Above: Screenshots from Runeblade’s iPhone companion app.

Image Credit: Everywear Games

Järvilehto explains that “Twitter-sized” entertainment was the goal for Runeblade, which helped the developer decide on these 15-second play sessions. He says that Apple Watch is an ideal platform for short bursts of gaming, and all smartwatch games should keep sessions brief.

Even with its short play sessions, Järvilehto says it all adds up to a bigger overall experience for Runeblade.

“The key to Runeblade really is how the game experience builds over time from these ultra-short sessions,” he says. “Later in the game, you start to gain magical artifacts, and together with spells and runes, these add a lot of strategic and tactical elements to the gameplay.”

Everywear could build on Runeblade in the future. But for now, it’s a free-to-play title. Järvilehto says that it’s still too early to know what monetizing a free-to-play Apple Watch game would look like, but the company could add the ability to purchase currencies at a later date.

New platform, new opportunities

For the development of Runeblade, Järvilehto says that the change in mindset was a bigger challenge than the Apple Watch’s small form factor or device limitations.

“From the development point of view, the biggest change is without a doubt a change in the mindset,” he said. “Smartwatch games will have to integrate into our lives smoothly. They need to feel effortless and fun to play. And that’s a radical change and a completely new question to answer: how do you deliver fun in 5-15 seconds? How do you deliver a gameplay experience that evolved over days, weeks, and months?”

Runeblade's leveling system lets you use loot to level up your attacks.

Above: Runeblade’s leveling system lets you use loot to level up your attacks.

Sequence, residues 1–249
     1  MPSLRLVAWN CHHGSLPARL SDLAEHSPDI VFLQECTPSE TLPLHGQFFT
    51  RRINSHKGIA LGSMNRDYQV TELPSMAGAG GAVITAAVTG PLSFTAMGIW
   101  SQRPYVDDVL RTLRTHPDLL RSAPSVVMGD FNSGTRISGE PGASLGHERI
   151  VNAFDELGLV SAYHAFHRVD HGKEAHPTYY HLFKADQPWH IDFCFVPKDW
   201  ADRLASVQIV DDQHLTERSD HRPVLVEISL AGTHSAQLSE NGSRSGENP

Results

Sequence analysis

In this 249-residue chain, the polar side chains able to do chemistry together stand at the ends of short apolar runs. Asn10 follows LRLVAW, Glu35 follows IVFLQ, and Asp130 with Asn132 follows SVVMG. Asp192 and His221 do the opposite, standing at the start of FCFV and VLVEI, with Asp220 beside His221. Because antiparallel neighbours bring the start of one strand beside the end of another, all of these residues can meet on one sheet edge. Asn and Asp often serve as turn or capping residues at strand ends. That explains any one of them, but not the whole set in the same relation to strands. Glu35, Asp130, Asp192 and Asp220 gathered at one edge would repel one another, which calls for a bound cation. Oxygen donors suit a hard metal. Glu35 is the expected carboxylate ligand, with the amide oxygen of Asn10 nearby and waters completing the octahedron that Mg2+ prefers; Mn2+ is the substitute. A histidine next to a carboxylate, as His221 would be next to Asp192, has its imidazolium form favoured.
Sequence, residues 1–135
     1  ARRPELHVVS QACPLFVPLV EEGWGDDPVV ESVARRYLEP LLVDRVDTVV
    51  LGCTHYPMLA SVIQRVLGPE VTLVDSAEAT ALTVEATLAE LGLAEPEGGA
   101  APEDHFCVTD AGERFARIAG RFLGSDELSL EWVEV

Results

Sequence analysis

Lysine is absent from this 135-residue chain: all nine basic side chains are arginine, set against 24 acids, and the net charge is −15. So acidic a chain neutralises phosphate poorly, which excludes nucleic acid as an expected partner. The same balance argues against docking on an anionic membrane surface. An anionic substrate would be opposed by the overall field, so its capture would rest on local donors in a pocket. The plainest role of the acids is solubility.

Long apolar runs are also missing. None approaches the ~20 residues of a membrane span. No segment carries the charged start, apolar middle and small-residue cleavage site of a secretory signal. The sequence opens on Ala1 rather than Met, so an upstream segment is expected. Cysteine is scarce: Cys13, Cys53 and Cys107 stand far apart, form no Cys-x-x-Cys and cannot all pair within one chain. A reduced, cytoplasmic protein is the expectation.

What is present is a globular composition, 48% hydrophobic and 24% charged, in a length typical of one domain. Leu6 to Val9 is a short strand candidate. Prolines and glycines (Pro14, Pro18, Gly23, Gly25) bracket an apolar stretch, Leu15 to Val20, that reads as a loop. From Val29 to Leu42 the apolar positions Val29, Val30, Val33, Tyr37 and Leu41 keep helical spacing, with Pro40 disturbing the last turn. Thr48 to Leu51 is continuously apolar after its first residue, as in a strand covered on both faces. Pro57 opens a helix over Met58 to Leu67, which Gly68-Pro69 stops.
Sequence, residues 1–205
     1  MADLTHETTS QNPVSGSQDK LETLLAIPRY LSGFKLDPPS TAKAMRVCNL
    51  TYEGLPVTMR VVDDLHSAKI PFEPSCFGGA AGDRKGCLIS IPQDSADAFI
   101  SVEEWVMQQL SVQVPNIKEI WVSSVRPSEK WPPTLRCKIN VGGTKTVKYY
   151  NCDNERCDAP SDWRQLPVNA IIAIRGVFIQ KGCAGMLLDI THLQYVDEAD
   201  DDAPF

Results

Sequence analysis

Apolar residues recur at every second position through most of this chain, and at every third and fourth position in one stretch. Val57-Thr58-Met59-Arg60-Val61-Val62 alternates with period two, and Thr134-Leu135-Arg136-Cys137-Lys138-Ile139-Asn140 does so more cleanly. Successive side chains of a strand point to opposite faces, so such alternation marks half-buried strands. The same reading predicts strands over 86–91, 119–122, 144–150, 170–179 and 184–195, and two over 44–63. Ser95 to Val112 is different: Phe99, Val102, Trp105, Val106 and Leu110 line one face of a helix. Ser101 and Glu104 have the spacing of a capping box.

Image Credit: Everywear Games

Ease of access is a key advantage for the Apple Watch over mobile devices when it comes to games like Runeblade, says Järvilehto. Simply turning up your wrist is so much easier than pulling out your phone. Shorter, more accessible sessions could do a better job of keep players engaged.

“Speed of access is one of the key advantages,” he says. “You couldn’t do game designs which target ultra-short gameplay sessions on a mobile phone or tablet. Simply taking your phone from your pocket, unlocking it, finding the right game and booting it up takes too much time for it to be fun if the gameplay is so short.”

Järvilehto says that Everywear is enjoying the challenge of developing for a new platform, and that the company is excited for Apple Watch’s future. He thinks that, just as with the mobile space, games will continue to evolve and surprise as the user base grows.

“I think a lot of people are going to be surprised already in the next few weeks, Järvilehto said. “There are a lot of different game designs which will work very well in smartwatches, and Runeblade is just a start. It took a while for developers and people in general to get serious with mobile games. I think we’re going to see something similar with smartwatch gaming as more consumers adopt the hardware.”